The future of the Staffordshire Bull Terrier in the UK has been debated in parliament this week, following views submitted by PETA as part of a consultation to the Commons’ environment, food, and rural affairs committee.
PETA – People for the Ethical Treatment of Animals – had suggested that the breed should be added to the list of dangerous dog breeds on the 1991 Dangerous Dogs Act, essentially making it illegal to own or breed Staffordshire Bull Terriers, with a few exceptions.
In a statement on their website, the organisation said: “Staffies are currently flooding UK animal shelters and have become by far the most commonly abandoned breed of dog in the country. They’re also one of the most abused.
In fact, the RSPCA has confirmed that 80 per cent of its cruelty-to-animals prosecutions concern Staffies
“The breed is also the most likely to be abducted and used by criminal gangs for fighting rings or as guard dogs.
‘Given how vulnerable these dogs are to abuse, neglect, and abandonment, why would anyone fight the introduction of legislation that would prevent people from bringing more of them into a world that treats many so cruelly?’
The added that those who already own a Staffy should be allowed to keep them, with the proviso that the dogs are neutered, and that the owners are responsible individuals.
Other animal welfare charities, however, have spoken out against their call.
Battersea Dogs & Cats Home strongly opposed the ban, saying: “We have, and always will, champion Staffies for their loving, gentle and loyal natures. Last year we re-homed 350 Staffies that have become wonderful, life-changing companions and their new owners constantly tell us that these dogs make a wonderful addition to their family.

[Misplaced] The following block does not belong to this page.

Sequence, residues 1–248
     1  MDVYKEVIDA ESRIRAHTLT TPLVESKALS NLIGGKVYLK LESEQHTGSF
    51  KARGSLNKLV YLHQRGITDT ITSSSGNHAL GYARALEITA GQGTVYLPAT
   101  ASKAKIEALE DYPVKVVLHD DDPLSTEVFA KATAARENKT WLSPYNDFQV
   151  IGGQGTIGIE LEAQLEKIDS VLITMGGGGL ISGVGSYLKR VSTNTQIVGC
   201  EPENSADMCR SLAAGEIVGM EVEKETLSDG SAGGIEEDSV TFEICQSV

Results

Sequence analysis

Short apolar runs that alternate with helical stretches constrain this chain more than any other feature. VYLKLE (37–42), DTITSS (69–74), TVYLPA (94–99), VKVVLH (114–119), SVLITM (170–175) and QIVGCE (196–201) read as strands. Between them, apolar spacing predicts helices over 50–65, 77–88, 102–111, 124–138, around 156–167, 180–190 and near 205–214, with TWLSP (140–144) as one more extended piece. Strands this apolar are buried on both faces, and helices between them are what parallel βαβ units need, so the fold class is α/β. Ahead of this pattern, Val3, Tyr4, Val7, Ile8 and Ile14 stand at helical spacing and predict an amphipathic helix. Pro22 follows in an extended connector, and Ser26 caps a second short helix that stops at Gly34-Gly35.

“Staffies are a much-maligned breed that don’t deserve a bad reputation. We know that in the right environment, and with the right owners, Staffies can and do make ideal family pets.”
In a joint statement to the Government, asking them not to add Staffies to the list, Battersea, Dogs Trust, Blue Cross, the RSPCA, and Kennel Club said:
“The leading animal welfare organisations strongly believe that current breed-specific legislation should be repealed and replaced with legislation which targets irresponsible owners and not dogs guilty of nothing other than looking a certain way”
“Last year they were the twelfth most popular breed in the UK based on Kennel Club registration figures.
“There is no scientific evidence that suggests the breed is any more dangerous than any other type of dog.
‘If the Government decided to ban this breed, tens of thousands of innocent dogs would be seized from their loving homes and held in kennels for long periods of time whilst the court system decided what to do with them.”
The suggestion prompted an outcry from Staffy owners throughout the country with Steven Quinn setting up an online petition which garnered 163,000 signatures.
Rebuking PETA’s statement, Quinn said on the petition: “PETA, an organisation that is meant to be dedicated to protecting animals, has proposed to the UK government that it should add Staffordshire Bull Terriers to the Dangerous Dogs Act, effectively banning them outright.
“Breed Specific Legislation is not the solution to the problem of dog attacks
Speaking with Stoke Live, Quinn continued: “Many people in the UK today have the pleasure of owning a Staffordshire Bull Terrier. As one of these people, I can recommend them as being loving, loyal and caring, far from dangerous they are great companions.
“It would be a terrible tragedy for the dog lovers of the UK to lose the right to own one of these great companions.
“We are calling on Parliament to save our Staffies and not have them banned as dangerous dogs, because they are not.
With over 100,000 signatures, parliament was obliged to discuss the notion, and it seems MPs are very much in agreement with Mr Quinn.
George Eustice MP. the Minister for Agriculture, Fisheries and Food, closed the debate saying: “The Government has no plans at all to add Staffordshire Bull Terriers, or any other type of dog, to the list of prohibited dogs.”